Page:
What do a 19th century writer, a successful Broadway composer, and a closeted young man in rural Missouri have in common? Secrets, sacrifice, and an undying love of the mermaid.
In an age where we’d rather sing along with the chorus than acknowledge the composer, La Voce to Me brings together four burdened lives to create a story of redemption.
In 1837, Hans Christian Anderson (played by delightfully quirky George Anthony Tralka Jr.) wroteThe Little Mermaid, the fairytale of star-crossed love and struggle. In 1986, Howard Ashman (Brendan O’Connell) collaborated to compose the score for Disney’s Little Mermaid. Both of these men were gay, and both of these men suffered greatly in silence for it.
The piece is told in the round, each of the characters shuffling across the sparse but solid space, addressing the audience directly while offering pieces of their respective journeys bit by bit. These journeys prove to be tales of the burdened mermaid in all of his or her forms.
“Hey America,” Ashman proclaims while recounting the Disney creation process and subsequent success, “A faggot is the one telling your children fairytales! You listen to our tales, but never our stories.” A stark contrast to the cheer of Disney, the stories of Ashman’s stories were of sorrow, told as a member of a community ravaged by AIDS.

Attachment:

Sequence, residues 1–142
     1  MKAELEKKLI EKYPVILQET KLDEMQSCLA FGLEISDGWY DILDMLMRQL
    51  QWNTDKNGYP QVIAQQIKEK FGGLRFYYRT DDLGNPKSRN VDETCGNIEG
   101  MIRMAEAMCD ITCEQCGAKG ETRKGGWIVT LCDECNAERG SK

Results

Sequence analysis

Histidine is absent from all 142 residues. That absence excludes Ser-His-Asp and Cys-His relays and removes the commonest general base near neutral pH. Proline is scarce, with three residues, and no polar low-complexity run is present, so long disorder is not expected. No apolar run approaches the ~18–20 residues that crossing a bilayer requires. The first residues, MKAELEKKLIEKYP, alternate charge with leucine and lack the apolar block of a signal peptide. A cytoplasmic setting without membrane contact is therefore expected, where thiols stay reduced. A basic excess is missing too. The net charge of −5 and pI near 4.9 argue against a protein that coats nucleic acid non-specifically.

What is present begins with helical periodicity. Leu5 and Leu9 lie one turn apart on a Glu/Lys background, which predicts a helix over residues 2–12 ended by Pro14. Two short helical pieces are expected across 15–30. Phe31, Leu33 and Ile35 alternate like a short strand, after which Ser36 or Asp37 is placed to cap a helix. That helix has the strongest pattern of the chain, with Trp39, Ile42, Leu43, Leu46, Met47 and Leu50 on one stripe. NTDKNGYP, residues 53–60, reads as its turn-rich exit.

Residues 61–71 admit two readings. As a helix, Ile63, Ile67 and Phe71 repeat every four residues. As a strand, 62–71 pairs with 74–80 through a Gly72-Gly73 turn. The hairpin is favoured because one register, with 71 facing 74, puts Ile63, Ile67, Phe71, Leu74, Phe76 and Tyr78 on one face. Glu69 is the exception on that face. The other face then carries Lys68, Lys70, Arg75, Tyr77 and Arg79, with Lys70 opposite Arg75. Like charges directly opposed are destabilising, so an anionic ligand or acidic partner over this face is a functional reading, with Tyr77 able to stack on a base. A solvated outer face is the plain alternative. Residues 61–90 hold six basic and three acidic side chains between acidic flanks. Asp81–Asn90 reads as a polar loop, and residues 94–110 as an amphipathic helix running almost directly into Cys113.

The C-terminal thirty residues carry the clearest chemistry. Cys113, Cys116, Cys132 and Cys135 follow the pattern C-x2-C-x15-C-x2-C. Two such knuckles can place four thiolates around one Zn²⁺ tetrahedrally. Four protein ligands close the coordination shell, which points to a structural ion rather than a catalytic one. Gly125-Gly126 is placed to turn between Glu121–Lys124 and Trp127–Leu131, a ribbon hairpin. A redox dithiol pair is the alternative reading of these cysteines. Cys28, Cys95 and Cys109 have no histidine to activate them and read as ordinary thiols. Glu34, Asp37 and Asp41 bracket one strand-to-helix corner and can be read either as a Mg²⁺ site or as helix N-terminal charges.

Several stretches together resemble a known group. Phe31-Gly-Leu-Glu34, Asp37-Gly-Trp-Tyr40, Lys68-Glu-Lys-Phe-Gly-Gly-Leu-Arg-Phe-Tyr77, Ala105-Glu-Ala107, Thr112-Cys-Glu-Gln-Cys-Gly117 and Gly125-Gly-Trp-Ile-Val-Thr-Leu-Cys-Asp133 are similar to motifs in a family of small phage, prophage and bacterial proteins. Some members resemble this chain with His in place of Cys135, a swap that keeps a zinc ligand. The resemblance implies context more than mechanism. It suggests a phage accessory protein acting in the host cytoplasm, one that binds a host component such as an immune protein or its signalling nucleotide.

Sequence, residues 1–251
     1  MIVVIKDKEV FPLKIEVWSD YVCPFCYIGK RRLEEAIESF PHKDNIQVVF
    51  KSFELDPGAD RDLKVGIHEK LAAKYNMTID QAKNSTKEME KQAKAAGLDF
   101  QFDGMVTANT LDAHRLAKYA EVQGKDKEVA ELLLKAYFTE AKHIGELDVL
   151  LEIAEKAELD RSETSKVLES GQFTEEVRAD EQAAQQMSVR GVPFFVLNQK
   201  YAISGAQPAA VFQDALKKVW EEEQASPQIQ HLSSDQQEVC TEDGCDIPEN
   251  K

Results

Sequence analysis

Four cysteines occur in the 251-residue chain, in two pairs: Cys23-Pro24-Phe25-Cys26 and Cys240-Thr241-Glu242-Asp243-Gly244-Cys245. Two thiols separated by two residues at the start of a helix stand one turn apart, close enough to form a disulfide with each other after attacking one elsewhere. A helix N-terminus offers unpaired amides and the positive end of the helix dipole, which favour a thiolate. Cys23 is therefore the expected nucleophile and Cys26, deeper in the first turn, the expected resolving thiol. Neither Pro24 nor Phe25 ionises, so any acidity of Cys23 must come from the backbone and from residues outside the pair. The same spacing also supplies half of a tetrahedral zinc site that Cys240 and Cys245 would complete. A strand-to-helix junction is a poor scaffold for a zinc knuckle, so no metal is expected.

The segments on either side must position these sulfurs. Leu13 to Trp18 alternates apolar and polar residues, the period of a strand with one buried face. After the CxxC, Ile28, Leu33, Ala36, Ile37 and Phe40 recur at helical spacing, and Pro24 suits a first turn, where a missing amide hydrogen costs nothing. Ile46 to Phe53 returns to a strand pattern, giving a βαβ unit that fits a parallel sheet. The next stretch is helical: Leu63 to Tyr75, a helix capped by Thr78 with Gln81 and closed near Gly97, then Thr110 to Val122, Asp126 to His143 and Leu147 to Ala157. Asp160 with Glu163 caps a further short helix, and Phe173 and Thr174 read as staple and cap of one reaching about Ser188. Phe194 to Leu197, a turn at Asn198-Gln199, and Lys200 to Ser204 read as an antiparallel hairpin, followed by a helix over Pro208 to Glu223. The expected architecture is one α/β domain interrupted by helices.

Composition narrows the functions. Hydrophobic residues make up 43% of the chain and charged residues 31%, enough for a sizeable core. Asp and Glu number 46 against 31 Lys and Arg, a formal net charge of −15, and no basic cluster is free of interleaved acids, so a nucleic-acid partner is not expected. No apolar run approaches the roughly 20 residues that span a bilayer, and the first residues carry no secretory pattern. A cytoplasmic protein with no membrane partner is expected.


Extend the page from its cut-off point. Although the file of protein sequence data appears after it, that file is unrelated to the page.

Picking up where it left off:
La Voce to Me
by Jeremy Pace
at Goethe Institut
812 7th Street NW
Washington, DC, 20001
Details and tickets
The mermaid (Natalie Ann Piegari) narrates her own tale, which veers violently from the celebrated cartoon version many of us remember. They’re all sirens of pain and self-love, eventually turning their separate melodies into a song.
La Voce is rough around the edges. The piece sometimes drags when it should be sprinting, and sulks when it could be defying. It’s heavy. But these are growing pains. What La Voce lacks in polish, it makes up for in heart. An inspired concept, a script which often bursts with insight and honesty, and a reminder that there are such things as happy endings. We just need to write them, speak them, sing them for ourselves.